I sorry to refer to some old articles, but I’m not very updated about the current researches.
Today in Psychology class we started learning about the cognitive level of analysis. The cognitive process we’re going to be focusing on is memory so today we started with trying to recollect our earliest memories (preferably the first memory we had of realising that we were sentient beings). Since class I’ve been asking other people about their earliest memories and it’s really nice to observe the way they recollect them and their expressions/the ways in which they describe them.
Could any of you share your earliest memories with me?
Continuous Partial Attention | Linda Stone
What is continuous partial attention?
Continuous partial attention describes how many of us use our attention today. It is different from multi-tasking. The two are differentiated by the impulse that motivates them. When we multi-task, we are motivated by a desire to be more productive and more efficient. We’re often doing things that are automatic, that require very little cognitive processing. We give the same priority to much of what we do when we multi-task — we file and copy papers, talk on the phone, eat lunch — we get as many things done at one time as we possibly can in order to make more time for ourselves and in order to be more efficient and more productive.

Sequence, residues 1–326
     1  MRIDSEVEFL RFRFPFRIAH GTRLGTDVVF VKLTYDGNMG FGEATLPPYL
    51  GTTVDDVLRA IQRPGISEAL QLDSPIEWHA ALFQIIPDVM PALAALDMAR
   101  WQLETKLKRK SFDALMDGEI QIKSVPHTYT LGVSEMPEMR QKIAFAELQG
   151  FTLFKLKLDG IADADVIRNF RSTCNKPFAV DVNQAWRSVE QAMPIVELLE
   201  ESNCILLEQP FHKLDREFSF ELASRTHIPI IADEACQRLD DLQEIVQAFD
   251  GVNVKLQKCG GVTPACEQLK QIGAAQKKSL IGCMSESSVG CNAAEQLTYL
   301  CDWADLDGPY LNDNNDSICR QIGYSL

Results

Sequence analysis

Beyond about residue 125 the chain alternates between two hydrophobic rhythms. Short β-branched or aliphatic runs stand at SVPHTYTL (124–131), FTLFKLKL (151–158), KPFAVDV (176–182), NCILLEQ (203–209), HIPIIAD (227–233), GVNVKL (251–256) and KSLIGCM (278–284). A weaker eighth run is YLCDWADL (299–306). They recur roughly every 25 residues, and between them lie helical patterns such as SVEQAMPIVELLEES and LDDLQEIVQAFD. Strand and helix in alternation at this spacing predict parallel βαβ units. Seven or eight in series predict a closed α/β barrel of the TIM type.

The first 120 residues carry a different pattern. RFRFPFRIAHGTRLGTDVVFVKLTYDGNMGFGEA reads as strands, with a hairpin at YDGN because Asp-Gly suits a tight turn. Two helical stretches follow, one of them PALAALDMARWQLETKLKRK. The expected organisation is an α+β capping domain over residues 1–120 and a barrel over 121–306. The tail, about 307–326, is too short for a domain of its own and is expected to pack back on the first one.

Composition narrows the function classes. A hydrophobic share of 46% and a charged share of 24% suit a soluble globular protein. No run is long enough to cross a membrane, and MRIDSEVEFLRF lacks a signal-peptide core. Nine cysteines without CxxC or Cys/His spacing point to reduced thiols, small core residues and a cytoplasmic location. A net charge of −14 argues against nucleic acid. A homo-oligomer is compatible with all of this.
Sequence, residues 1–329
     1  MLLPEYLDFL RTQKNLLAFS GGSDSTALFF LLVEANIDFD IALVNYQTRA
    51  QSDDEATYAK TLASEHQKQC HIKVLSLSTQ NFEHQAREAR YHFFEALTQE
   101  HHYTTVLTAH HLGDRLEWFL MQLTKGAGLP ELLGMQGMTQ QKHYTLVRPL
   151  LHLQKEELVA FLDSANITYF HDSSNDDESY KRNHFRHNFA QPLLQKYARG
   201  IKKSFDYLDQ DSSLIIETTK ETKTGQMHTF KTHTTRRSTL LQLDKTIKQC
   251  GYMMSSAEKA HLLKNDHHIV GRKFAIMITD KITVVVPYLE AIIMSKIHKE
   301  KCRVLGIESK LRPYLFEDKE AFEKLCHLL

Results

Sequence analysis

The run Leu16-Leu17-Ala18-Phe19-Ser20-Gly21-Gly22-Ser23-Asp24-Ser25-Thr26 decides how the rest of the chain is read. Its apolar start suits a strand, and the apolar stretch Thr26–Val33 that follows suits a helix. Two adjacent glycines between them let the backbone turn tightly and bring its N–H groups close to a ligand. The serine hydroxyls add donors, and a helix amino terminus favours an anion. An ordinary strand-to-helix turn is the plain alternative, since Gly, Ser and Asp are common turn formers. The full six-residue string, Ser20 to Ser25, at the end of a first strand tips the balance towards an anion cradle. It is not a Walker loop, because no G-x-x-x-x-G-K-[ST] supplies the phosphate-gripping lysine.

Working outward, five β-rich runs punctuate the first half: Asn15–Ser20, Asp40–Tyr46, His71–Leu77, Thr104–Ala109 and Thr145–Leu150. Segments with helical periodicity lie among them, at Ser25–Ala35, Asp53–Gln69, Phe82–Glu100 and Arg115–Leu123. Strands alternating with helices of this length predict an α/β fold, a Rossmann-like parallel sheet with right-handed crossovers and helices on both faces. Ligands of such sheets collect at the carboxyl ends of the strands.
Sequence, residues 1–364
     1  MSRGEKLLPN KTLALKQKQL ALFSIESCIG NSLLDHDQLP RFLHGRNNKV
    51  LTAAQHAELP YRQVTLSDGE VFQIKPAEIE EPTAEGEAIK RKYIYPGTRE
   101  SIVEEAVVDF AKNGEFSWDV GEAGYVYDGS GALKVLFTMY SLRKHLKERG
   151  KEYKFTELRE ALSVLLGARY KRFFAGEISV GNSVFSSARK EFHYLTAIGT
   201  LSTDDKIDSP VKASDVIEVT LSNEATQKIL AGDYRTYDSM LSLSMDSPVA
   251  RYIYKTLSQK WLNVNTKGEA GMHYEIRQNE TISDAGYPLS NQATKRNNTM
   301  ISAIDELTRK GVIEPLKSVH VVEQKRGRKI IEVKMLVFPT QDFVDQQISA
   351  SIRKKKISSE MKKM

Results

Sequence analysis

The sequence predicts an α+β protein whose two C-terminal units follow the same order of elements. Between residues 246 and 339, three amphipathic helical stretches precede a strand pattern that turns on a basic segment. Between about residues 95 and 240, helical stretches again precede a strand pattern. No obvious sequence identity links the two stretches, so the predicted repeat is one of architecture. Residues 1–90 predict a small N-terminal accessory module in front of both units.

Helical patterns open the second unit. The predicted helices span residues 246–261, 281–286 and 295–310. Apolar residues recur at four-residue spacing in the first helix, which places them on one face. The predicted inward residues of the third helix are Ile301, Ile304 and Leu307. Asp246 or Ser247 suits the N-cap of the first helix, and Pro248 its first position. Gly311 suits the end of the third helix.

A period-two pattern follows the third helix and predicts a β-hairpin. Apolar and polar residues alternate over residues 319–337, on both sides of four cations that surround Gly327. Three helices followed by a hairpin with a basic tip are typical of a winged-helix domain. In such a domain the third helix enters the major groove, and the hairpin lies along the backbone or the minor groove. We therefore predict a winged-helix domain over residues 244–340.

To pay continuous partial attention is to pay partial attention — CONTINUOUSLY. It is motivated by a desire to be a LIVE node on the network. Another way of saying this is that we want to connect and be connected. We want to effectively scan for opportunity and optimize for the best opportunities, activities, and contacts, in any given moment. To be busy, to be connected, is to be alive, to be recognized, and to matter.
We pay continuous partial attention in an effort NOT TO MISS ANYTHING. It is an always-on, anywhere, anytime, any place behavior that involves an artificial sense of constant crisis. We are always in high alert when we pay continuous partial attention. This artificial sense of constant crisis is more typical of continuous partial attention than it is of multi-tasking.